Your patient may be reluctant, as most people are, to answer direct questions. People with this disease so often don’t really know the answers, and the only safe answer when you don’t understand is a yes/no answer. However, if you can put him at ease and discuss time segments in his life, you will find that he’s an excellent historian, lacking only recent memories. If he is, by nature, a “pleasing person” or just has excellent social skills, he may be likely to engage in what we call “confabulation” – he may just tell you things, true or not, because that seems to be what you want to hear. Once again, this is based on his survival instinct to read your body language. The most important thing for you to understand is that the feeling part of the brain is not the area that is impaired – it is the storage and storage-retrieval that’s damaged, beginning with the most recent things and then regressing backward in time from present to past. If you can tap into his emotions this way, you can probably have great success.

When one leaves the other behind

My father died recently. He was very ill, but had no dementia. He had been taking care of my mother who was diagnosed with dementia several years ago. They had been living in their home of many years. Mom’s at home alone now, and it seems like she is doing okay. Sometimes she doesn’t even seem to know that my father is gone. Do we need to move her from her home?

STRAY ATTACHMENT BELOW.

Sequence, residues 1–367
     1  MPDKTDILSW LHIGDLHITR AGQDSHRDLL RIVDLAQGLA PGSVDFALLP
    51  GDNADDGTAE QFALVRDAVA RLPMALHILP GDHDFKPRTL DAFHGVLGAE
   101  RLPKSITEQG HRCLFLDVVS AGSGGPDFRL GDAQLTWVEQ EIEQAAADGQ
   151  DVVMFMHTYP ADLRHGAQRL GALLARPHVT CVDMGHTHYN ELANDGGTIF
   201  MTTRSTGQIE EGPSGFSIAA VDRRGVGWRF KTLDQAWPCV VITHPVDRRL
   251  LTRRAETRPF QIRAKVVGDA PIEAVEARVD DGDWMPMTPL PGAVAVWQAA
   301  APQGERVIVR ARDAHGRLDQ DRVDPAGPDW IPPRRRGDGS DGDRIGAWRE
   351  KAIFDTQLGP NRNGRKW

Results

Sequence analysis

Mom’s Girl

Dear Mom’s Girl,
Your mother clearly needs a return visit to the doctor who diagnosed her with dementia. He can evaluate her and, at your request, order a complete work-up for her current mental status. At the very least, an occupational therapy evaluation will determine her capability to care for herself safely, or determine if she requires 24-hour supervision based on her knowledge of emergency response strategies.

Think of this situation in comparison to a first-grade child. At this age, children usually know their name, their address, meal times, sleep schedule, and how to dial 911 if there is an emergency. When answering the phone, they generally know not to reveal private information, not to buy or accept things from strangers, and safe methods for answering the door (including not letting strangers into the house). However, even with all those capabilities, children this age are not allowed to be left home alone. Your mom should have all those capabilities, and then some.

With the help of your physician and some other health care professionals, your mother’s capabilities can be impartially evaluated to determine if she has at least the capabilities of a seven-year-old. If she can’t be alone, there are many options to help her stay in the home: a family member might be able to move in and she can attend a day center while they are at work, 24-hour care is available in the home, and there are organizations that can arrange for caretakers to share homes with the person who needs assistance. Information about these resources is often available through the doctor’s office, your geriatric care manager, or on the internet.

Dealing with anger & hurt

My father, who has Alzheimer’s, has gone through so much in the last couple of months. My mother died, we determined he couldn’t live alone, we took him out of his home, and now he is living in an assisted living community. He is very angry, and calls me all the time at work. I don’t know how to talk to him anymore and I don’t know if he is in the right living situation. What can I do? I just feel like there is no right answer.